Author Topic: Solid Propellant Industrial Base  (Read 9605 times)

Online Kabloona

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Re: Solid Propellant Industrial Base
« Reply #80 on: 06/26/2017 11:14 PM »
Yes, F9, FH, Vulcan, New Glenn, etc are going to be mainstays of the LV business going forward. Reduced role of solids in that arena means DoD has to find other ways to keep solids mfg base intact, eg for next gen ICBM. Loss of Shuttle was evidently a huge hit in that respect.

Yet somehow they managed before Shuttle, so there has to be a way.

OATK and AJR just have to start behaving like normal corporations. When the demand is down, you downsize. You don't build things at full production speed and take a few years break. No, you slow down production. That's how you keep skills alive. The DoD can order in as big of batches as they want, but if you know the demand is temporary you simply extend the delivery window.

Well, you're right, of course. Shuttle was just a big anomalous "camel's hump" of a production bulge in the solids industry, and now that it's gone, we're back to status quo ante bellum. And life goes on as it must, somehow.  ;)


Offline rayleighscatter

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Re: Solid Propellant Industrial Base
« Reply #81 on: 06/26/2017 11:36 PM »
The DoD can order in as big of batches as they want, but if you know the demand is temporary you simply extend the delivery window.
DoD dictates the delivery window, not the vendor.

Offline Rebel44

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Re: Solid Propellant Industrial Base
« Reply #82 on: 06/27/2017 12:00 AM »
The DoD can order in as big of batches as they want, but if you know the demand is temporary you simply extend the delivery window.
DoD dictates the delivery window, not the vendor.
In that case (inflexible demands on suppliers), DoD better be prepared to pay for upkeep of industrial base in times of low demand....
Or DoD can try to find more viable way to stabilize solid propellant industrial base - even if it means making compromises - like spreading orders over timeinstead of huge short term orders.

Last time I checked, not even US DoD has blank checks for most of its projects, so they better start acting like they live in same reality as rest of us.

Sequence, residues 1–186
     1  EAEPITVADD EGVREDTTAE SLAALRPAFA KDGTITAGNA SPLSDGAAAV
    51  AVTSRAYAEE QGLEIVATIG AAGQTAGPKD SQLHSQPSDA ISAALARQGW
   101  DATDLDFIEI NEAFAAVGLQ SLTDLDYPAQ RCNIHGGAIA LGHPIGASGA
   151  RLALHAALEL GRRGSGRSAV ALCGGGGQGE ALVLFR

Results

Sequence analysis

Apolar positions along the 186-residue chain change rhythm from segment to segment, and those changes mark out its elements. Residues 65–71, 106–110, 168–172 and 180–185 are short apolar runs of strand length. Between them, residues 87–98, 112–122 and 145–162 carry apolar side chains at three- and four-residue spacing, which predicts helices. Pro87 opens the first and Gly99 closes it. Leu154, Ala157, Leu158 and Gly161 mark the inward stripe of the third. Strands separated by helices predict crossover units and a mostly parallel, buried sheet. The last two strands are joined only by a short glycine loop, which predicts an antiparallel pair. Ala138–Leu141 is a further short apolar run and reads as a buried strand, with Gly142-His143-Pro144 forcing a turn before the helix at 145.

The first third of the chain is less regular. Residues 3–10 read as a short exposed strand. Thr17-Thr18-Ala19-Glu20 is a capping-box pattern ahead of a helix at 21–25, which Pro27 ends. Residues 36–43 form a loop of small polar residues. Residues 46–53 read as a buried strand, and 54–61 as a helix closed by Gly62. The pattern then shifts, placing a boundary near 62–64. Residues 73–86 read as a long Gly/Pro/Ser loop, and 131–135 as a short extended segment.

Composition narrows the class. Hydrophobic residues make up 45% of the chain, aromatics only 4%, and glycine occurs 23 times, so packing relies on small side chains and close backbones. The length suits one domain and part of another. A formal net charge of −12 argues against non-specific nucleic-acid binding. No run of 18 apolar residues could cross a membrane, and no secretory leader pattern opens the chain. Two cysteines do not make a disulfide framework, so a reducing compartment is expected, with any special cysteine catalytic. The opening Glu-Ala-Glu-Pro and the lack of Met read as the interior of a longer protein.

Offline Space Ghost 1962

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Re: Solid Propellant Industrial Base
« Reply #83 on: 06/27/2017 12:08 AM »
We can always make more AP, but  turning it into an actual motor is the hard part, especially if a lot of experienced people have already retired and not enough new blood has been infused because demand has been anemic for a long period.
Kabloona, we're in full agreement here.

And I've spoken with university students and those involved with new propulsion concepts. One even used a solid state laser boost ...

My suggestion is to broaden into "R", "r&d" and "D" oriented programs aimed at the under 30 crowd, including new formulations, new concepts, and enhancements of existing formulations.

(The trouble, like what happened to pre-ULA, was too much focus on "operational" and not enough on less restricted IR&D, which was viewed as "waste" by parents/management. They even sought out creative people for dismissal as they were too "disruptive". After all, they could hire such if they needed such, which they never did.)

Ask why there's so few in the the field, and its the same pre-SX as other areas of aerospace, and why many of the most successful engineers (by manner of hire) are dull, and why I encounter the more creative ones as having moved from that field to another quite different one.

The same has been true for those in solid fuel propulsion.

The obvious answer to this is to change the funding assumptions that presume we're simply trying to maintain an old, "figured out" field ... and present challenges that allow the field to become attractive to "risk takers", who are the "early adopters" of this future improvement. The "late adopters" are the ones that follow, who intermediate past/present/future and make variations on them. One breaks the wave, the next widens it.

This however runs counter to past aerospace practice. In the extreme, an inconsequential budget is shot at NIAC programs, a pittance that is used for occasional wild ideas. Unfortunately, this has been viewed more of as a "catch-all" that it shouldn't be. It is utterly irrelevant to what I'm referring to above.

The reason behind your concern is because no one wants to be in the field. It is necessary to reconstruct things such that it becomes very desirable.